Group Meeting
Past Events

Thursday, May 7, 20201PM, Location TBA
Optimizing the free energy and kinetic accessibility for systems of selfassembling colloids
Anthony TrubianoSynopsis:

Thursday, April 30, 20201PM, Location TBA
Hydrodynamics of magnetic chains, and flexible fibres with a twist
Brennan SprinkleSynopsis:
Seepresentation slides . 
Thursday, April 23, 20201PM, Location TBA
A sharp interface version of the immersed boundary finite element method
Charles PuelzSynopsis:
See presentation slides . 
Thursday, April 16, 20201PM, Location TBA
How can we estimate the slowest dynamics of a Markov process?
Robert WebberSynopsis:
See presentation slides .
When analyzing a Markov process, a frequent goal is identifying the functions of the process that decorrelate most slowly in time. Slowly decorrelating functions are important for dimensionality reduction and prediction, since the values of these functions can be forecast far into the future. Moreover, because of their persistent nature, slowly decorrelating functions often have scientific significance. In biomolecular systems, for example, fluctuations of bond lengths and angles decorrelate quickly, while largescale rearrangements that determine biological activity generally decorrelate slowly.
Dynamical spectral estimation is a rigorous approach for identifying slowly decorrelating functions. The approach uses sample trajectories to estimate the eigenfunctions of the Markov transition operator. Under appropriate assumptions, a small number of eigenfunctions span all the most slowly decorrelating functions of the process, and the corresponding eigenvalues determine the slowest decorrelation rates.
Despite the prevalence of dynamical spectral estimation in biomolecular simulation studies, estimated eigenfunctions and eigenvalues can have substantial error. The goal of this talk is to identify and bound the major error sources, thereby identifying opportunities where dynamical spectral estimation can produce accurate results. 
Thursday, April 9, 20201PM, Warren Weaver Hall remote; zoom link sent via email
The Universal Route to Rogue Waves via Instanton Theory
Tobias Grafke (Warwick)Synopsis:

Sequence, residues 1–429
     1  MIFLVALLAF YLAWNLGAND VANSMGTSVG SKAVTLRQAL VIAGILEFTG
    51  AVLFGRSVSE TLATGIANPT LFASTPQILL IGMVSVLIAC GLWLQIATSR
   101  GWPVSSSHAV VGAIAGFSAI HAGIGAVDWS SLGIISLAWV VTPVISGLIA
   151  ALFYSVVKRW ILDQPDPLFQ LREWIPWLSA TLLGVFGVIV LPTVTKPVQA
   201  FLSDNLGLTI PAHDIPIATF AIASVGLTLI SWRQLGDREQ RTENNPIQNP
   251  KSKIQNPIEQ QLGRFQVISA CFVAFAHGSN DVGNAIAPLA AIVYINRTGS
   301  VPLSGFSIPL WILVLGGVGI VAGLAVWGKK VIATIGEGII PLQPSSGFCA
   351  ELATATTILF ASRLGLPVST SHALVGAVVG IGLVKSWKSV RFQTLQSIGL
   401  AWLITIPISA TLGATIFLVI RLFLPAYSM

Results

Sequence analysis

In stochastic systems, extreme events are known to be described by "instantons", saddle point configurations of the action of the associated stochastic field theory. In this talk, I will present experimental evidence of a hydrodynamic instanton in a real world fluid system: A 270m wave channel experiment in Norway. The experiment attempts to model conditions on the ocean in order to observe socalled rogue waves, realisations of extreme ocean surface elevation out of relatively calm surroundings. These rogue waves are also observed in the ocean, where they are rare and hard to predict but pose significant danger to naval vessels. We show that the instanton approach, which is rigorously grounded in large deviation theory, offers a unified description of rogue waves in the water tank, covering the entire range of parameters for deep water waves in the ocean. In particular, this approach allows for a unified description of both the predominantly linear and the highly nonlinear regimes, and is able to predict the experimental data in the tank regardless of the strength of the nonlinearity.

Thursday, April 2, 20201PM, Location TBA
Equilibrium statistical mechanics of semiflexible fibers (wormlike chains)
Aleksandar Donev, Courant InstituteSynopsis:
Here are notes for the talk: WormLikeChains.pdf
Info for zoom meeting and recording sent by email.

Thursday, March 5, 202012:30PM, Warren Weaver Hall 1314
The Entropic Uncertainty Principle and the Fast Fourier Transform
Charles PeskinSynopsis:
The entropic uncertainty principle for the discrete Fourier transform
states that for any nonzero u in C^n, H(u) + H(F_n(u)) >= log(n),
where H(u) is the entropy of the discrete probability distribution
P_j = u_j^2/u^2, and where F_n is the discrete Fourier transform
of order n. This is a special case of a known result [1], but the
proof of the general case requires functional analysis. Here, we give
an elementary proof of the special case (and moreover only for n
as a power of 2). The proof is based on the Fast Fourier Transform
algorithm.
Reference
[1] Dembo A, Cover TM, and Thomas JA 1991: Information Theoretic
Inequalities. IEEE Transactions on Information Theory
37(6):15011517, see Theorem 23 on page 1513. 
Thursday, February 27, 202012:30PM, Warren Weaver Hall 1314
"Datadriven optimization of an ocean turbulence model" & "Facing the multiscale problem in biomathematics with statistical physics and machine learning tools"
Justin Finkel & Rocio Vega MartinezSynopsis:

Thursday, February 20, 202012:30PM, Warren Weaver Hall 1314
Estimation of extreme tsunami waves using large deviation theory
Shanyin Tong, partner Chris MilesSynopsis:

Thursday, February 13, 202012:30PM, Warren Weaver Hall 1314
How to give a killer talk (a discussion)
EveryoneSynopsis:

Thursday, February 6, 202012:30PM, Location TBA
Monte Carlo festival
Tristan Goodwill, Miranda HolmesCerfon, Michael Lindsey, Robert WebberSynopsis:
A collection of 10minute talks, each one presenting a Monte Carlo algorithm that was a game changer for a previously intractable sampling problem.

Thursday, January 30, 202012:30PM, Location TBA
Planning meeting  everyone welcome!
Synopsis: